May 12, 2011

As often happens in my dreams, I find myself inside a monumental, ancient architecture, whose atmosphere is a unique mix of a renaissance theater, a church, a medieval castle, a modern hotel, a university, and a high-tech spaceport. I have just landed there with a spaceship. I have been travelling with my mother, but during the trip we have been separated and now I can’t see her any more, I have no idea where she is. The character of my mother has no personality: she is just the role itself of being my mother, an abstract functional projection. The place is huge and the few signs are in English: I think that my mother won’t be able to find her way to our destination (which is actually unknown to me), and I start to search for her.

There are many floors, connected by old, narrow, dark, stony stairs like those that bring you to the very top of Santa Maria del Fiore church in Florence. Space is not Euclidean: using some secret passages hidden in the walls (when I use them, I can hear the English word “shortcut” in my mind), I can jump from one room to a non-adjacent one on the same floor, and even to a room on a different floor. I can’t discover and use these passages by myself: “helpers” — people who live there and seem to have no personality — guide me through the shortcuts. Helpers are a recurrent theme in my dreams, especially in those set in monumental scenarios: they are typically dressed in a black tunic, and they seem to be extremely wise and serene.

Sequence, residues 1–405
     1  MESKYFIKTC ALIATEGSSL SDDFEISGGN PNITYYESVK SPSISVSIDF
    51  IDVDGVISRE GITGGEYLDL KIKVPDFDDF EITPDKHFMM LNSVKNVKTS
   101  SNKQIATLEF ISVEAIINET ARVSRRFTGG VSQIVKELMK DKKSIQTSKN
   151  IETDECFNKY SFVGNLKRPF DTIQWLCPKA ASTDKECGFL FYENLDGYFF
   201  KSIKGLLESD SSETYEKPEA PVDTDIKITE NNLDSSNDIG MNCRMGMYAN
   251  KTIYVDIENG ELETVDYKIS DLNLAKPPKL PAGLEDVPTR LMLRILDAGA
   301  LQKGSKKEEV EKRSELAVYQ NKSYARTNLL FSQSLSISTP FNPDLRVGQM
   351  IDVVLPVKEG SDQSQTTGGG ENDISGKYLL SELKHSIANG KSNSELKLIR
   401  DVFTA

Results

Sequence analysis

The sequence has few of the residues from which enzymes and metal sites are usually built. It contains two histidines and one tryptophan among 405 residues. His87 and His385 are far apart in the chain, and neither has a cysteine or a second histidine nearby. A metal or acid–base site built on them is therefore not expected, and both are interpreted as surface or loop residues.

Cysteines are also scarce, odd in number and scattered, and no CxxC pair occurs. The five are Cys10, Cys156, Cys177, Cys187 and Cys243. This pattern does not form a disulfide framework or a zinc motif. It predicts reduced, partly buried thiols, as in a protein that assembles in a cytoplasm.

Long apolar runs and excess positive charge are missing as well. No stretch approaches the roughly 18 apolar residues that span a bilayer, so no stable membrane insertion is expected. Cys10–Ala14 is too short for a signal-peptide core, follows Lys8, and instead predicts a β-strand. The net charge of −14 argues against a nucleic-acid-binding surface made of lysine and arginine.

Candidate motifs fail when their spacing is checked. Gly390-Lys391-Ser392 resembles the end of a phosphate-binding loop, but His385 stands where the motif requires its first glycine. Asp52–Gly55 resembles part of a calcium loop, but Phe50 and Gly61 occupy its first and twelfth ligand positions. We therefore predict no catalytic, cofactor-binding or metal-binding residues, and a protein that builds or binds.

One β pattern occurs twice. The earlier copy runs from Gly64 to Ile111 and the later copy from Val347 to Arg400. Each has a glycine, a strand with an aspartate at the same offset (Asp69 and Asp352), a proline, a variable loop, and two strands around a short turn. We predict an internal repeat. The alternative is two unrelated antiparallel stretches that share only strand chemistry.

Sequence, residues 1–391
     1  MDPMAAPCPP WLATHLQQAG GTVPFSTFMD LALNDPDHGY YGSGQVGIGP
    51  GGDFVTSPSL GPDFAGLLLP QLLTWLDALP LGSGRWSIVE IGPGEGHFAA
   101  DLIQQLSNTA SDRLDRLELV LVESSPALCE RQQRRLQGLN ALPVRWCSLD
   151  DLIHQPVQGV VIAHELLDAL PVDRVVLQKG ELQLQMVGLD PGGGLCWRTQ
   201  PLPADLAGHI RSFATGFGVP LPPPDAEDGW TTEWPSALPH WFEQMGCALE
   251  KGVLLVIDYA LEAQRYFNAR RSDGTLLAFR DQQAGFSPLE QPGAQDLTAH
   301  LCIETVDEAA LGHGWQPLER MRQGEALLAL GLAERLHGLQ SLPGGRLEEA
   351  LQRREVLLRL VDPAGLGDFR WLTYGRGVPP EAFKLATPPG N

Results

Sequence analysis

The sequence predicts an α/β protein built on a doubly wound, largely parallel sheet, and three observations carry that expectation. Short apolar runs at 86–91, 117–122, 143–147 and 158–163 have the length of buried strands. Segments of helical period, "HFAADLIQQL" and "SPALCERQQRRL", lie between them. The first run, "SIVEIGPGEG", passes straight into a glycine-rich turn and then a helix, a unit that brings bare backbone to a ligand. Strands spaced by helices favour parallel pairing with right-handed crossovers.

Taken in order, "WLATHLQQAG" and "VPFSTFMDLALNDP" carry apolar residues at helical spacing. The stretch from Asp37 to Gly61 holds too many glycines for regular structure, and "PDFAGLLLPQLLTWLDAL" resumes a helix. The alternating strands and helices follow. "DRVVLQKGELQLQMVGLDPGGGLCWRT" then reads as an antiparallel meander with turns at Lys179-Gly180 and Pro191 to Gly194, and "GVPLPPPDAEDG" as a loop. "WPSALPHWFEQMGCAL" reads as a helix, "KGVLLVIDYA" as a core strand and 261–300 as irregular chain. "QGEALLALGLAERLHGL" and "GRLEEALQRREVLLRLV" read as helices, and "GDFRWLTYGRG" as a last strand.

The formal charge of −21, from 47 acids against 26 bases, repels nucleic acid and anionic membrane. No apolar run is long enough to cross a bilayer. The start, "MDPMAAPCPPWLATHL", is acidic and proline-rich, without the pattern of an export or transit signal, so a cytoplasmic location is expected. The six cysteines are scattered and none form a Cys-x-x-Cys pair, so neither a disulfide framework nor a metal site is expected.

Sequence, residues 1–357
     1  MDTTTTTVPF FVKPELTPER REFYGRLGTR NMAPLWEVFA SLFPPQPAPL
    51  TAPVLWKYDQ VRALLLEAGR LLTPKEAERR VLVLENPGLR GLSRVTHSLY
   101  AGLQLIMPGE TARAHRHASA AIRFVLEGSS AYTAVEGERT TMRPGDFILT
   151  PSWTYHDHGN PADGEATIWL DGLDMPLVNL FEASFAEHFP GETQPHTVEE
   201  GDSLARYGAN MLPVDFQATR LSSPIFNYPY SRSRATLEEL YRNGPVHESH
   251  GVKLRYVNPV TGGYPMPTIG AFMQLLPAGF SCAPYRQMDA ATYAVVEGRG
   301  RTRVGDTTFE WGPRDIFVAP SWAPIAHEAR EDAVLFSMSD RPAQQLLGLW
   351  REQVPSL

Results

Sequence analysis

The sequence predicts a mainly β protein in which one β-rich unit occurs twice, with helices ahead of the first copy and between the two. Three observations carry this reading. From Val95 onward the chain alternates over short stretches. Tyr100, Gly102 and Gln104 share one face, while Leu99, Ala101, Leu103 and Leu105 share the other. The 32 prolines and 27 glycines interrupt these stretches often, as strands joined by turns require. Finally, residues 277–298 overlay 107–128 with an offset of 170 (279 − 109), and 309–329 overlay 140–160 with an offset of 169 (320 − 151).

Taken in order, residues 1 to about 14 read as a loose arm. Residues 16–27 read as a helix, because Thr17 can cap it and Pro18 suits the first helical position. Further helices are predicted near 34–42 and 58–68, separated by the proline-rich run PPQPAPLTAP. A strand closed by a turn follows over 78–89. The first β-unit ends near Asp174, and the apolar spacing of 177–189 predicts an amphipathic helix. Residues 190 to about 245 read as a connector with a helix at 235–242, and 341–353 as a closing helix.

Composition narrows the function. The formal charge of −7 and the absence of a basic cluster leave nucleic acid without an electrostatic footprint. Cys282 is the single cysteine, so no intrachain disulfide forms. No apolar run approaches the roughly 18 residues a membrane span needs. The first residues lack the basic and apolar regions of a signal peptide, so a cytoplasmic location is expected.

The lower floors are a hybrid between an ancient theater and a medieval castle, with Seraphinian machines like horizontal stairs that continually move forwards and backwards. People at those levels seem to be tourists having fun. At some point I reach a large, dark hall, whose architecture has something of the dance floor of a medieval castle, and something of the Bahai gardens. I ask some people about my mother. Then I move up to the next floor, using again a system of narrow stairs, and meeting in the meanwhile a few Italian researchers that I have never met in the past (the place is supposed to be English speaking). Finally, I reach the upper floor, which seems like a university. I wonder in the rooms and corridors, and I see some young researchers I have met in the past discussing with pen and paper about a mathematical problem. I envy them for the chance they have to exchange their ideas with other people.

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